Sunday, March 29, 2015

What I Owe to Sport

Although I'll use some examples of my own ups and downs in life, this piece is really for parents of young athletes, and of course, for my hockey friends...

As it so happened, I received the following video in a newsletter I regularly receive from an exercise guru.  I'd seen the video before -- long ago, actually, but it struck me in a different way today.  In a way, it has nothing to do with the title of this entry -- or does it?  You tell me..

Motivational speaker, Eric Thomas, is on a tear there, but he's actually talking about things that take place on a daily or nightly basis in the sports world.  I happened to have been a team sport guy, but I'll suggest the traits Thomas is talking about are honed in athletes playing on either the team-type or individual sports.  Once again, I'm saying that athletes learn those kinds of things every day, at a field, gym or rink.

From a personal perspective, I'm talking about broken noses in practice -- without missing my next turn, a few broken fingers -- still not missing time, along with the occasional sprain and pull.  I'm lucky that the worst of my sports injuries involved serious ligament tears in my right ankle, that I bounced back quickly from -- DESPITE my doctor's orders.

I honestly don't believe that the physical bumps and bruises are what really makes an athlete grow, however -- at least beyond a point.  No, being benched, being bumped from your starting job, or even having a coach suggest those things might happen are what will surely get the real athlete's attention.   (I'll even go so far as to ask in a article, "Are Bad Coaches Good For Players?")
By the way...  Although I only participated in team sports -- from baseball to football to hockey, I'm here to tell readers that the setbacks I've noted to this point are personal.  In other words, although you're part of a team, you better know that teammates are worrying about their own injuries or fears of being replaced, and it's not their job to be worried about me (or your kid).  That's why I'm saying it's a personal thing, or something the individual suffers through on his or her own.  Sure, parents might commiserate, but that's about all they can do.  It's up to the athlete to battle his or her way forward.  Ya, it's a lonely time as an athlete goes through those trying times, but I'll suggest that it's those trying times when he or she has the best chance to grow.
I think the reason that video struck such a chord with me this morning is because I've been reflecting on some setbacks lately.  Let me tell you, though, that "reflecting" is the right way to put it.  I mean, I am not dwelling on any of them -- at all.  In fact, Brenda and I were talking about the worst of occurrences that took place shortly after we met -- about the people who seemed only too glad to nearly wipe me out, and I told her I just had to put them out of my mind.  Oh, that doesn't mean that I don't see a given face flash in my mind from time to time, but I use those more as motivation, and hardly as a chance to sulk.  No, that wouldn't have worked battling through an injury, it wouldn't have helped keep my position on a team when it was in jeopardy, and it certainly wouldn't help me today to slowly but surely put my business life back together.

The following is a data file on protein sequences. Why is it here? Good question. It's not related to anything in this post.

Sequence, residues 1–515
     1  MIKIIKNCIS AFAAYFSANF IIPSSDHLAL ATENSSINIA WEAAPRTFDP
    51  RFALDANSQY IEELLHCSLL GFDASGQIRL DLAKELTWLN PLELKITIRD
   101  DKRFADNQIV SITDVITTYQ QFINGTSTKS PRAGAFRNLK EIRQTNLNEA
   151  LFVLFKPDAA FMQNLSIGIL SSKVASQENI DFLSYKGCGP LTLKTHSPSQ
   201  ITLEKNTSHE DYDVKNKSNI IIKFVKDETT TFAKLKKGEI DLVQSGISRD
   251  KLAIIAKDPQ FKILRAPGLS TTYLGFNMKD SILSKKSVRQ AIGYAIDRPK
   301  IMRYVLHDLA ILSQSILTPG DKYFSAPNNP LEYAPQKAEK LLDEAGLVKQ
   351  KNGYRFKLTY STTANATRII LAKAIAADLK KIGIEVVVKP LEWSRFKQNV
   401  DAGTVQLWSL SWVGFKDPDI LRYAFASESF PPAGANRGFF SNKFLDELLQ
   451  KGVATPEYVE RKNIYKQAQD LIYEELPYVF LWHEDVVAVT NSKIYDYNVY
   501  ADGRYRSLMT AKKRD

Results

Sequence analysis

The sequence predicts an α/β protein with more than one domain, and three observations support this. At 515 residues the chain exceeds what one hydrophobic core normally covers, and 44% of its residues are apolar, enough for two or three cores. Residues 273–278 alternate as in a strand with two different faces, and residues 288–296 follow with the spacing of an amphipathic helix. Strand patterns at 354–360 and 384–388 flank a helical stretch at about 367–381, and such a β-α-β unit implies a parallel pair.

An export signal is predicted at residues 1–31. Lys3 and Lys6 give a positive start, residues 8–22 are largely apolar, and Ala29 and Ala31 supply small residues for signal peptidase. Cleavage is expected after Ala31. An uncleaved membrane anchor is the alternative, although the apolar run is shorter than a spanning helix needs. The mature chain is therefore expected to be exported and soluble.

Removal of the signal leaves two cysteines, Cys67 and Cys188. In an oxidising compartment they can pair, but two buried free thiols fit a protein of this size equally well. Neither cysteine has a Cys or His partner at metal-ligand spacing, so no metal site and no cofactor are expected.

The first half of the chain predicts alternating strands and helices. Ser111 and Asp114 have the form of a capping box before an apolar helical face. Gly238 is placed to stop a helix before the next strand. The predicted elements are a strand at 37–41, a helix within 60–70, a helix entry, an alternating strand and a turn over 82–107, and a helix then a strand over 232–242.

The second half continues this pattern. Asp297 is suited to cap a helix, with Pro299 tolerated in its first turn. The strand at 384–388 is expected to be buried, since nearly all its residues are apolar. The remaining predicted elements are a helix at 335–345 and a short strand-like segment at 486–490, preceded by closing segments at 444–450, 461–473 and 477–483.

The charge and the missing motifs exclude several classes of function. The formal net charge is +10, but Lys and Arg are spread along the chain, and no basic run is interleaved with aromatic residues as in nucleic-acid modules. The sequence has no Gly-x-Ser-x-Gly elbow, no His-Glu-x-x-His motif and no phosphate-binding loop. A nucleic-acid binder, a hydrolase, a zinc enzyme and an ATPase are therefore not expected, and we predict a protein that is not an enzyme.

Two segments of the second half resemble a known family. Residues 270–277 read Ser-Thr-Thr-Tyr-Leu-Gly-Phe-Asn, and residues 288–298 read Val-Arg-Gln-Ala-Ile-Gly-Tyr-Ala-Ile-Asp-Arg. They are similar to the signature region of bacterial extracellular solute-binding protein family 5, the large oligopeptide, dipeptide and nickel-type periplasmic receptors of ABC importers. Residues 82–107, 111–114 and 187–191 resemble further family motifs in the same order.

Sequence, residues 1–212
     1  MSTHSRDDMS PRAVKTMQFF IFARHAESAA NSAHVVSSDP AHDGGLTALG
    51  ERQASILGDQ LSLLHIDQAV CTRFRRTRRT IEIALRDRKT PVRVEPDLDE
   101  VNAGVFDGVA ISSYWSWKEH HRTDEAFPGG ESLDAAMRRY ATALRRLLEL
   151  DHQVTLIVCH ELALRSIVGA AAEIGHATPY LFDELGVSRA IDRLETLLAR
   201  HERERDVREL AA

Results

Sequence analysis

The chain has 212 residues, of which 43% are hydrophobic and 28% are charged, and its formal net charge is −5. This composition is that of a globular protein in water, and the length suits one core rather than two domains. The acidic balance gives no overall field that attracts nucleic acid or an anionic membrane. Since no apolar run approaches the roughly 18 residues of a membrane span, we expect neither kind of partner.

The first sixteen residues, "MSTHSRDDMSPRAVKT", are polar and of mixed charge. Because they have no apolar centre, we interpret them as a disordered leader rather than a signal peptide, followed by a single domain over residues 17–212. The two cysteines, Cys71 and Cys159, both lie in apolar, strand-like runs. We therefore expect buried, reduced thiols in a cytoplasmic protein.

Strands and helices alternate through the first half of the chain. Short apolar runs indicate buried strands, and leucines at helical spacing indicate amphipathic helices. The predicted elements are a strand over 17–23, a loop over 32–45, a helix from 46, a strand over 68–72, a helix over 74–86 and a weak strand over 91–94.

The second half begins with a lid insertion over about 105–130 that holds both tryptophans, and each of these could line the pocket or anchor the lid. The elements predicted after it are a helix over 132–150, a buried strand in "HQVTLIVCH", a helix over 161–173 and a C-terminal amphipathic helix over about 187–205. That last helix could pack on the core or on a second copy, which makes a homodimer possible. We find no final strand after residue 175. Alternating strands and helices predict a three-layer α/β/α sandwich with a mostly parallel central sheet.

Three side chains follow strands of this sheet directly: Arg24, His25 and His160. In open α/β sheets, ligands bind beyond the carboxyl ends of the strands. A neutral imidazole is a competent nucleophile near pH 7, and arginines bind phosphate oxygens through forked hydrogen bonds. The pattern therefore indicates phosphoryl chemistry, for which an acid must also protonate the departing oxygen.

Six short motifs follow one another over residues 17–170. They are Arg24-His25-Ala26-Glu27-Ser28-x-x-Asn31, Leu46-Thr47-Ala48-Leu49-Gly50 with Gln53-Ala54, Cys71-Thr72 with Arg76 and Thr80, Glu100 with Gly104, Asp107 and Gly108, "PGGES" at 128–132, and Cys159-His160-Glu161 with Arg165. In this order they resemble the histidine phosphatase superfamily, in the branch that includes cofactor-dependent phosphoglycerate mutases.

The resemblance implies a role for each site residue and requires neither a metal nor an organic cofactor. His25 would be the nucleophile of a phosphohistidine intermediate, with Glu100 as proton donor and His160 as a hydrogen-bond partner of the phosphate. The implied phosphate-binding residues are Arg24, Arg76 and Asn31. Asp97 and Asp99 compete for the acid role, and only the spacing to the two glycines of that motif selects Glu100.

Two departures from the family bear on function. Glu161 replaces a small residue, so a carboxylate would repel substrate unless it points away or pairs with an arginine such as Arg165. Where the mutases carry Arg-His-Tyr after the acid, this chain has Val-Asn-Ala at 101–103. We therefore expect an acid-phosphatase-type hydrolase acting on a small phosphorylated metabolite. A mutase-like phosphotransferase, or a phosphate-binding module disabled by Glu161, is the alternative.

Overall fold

Then, hoping I've made my point here -- about how growing up in sports prepared me well for life's challenges, let me return to Eric Thomas' video.  For, I think the real message in his story was the need for the young subject to realize whether or not he really "wanted it".  To me, some things are worth paying a great price for, while others mean very little to me.

And, while I was ready to close on that last paragraph, something else hit me that I feel the need to share...  To be honest, my mom and dad supported me unbelievably, but they never pushed -- one iota.  One thing they never did to me, though, was to tell me what I was trying so hard at wasn't important.  On the other hand, I see and hear a lot of the opposite nowadays -- be it due to political correctness or whatever.  Don't forget what I said above, however, in that the athlete, himself or herself, takes things personally.  Few others are going to care, but I think the parents surely could, at the very least, show their support -- without that support being a crutch.  No, the parent doesn't want to take away the learning experiences that could last their youngster a lifetime.
If you liked this entry, you might like "Being Honest With Our Hockey Players".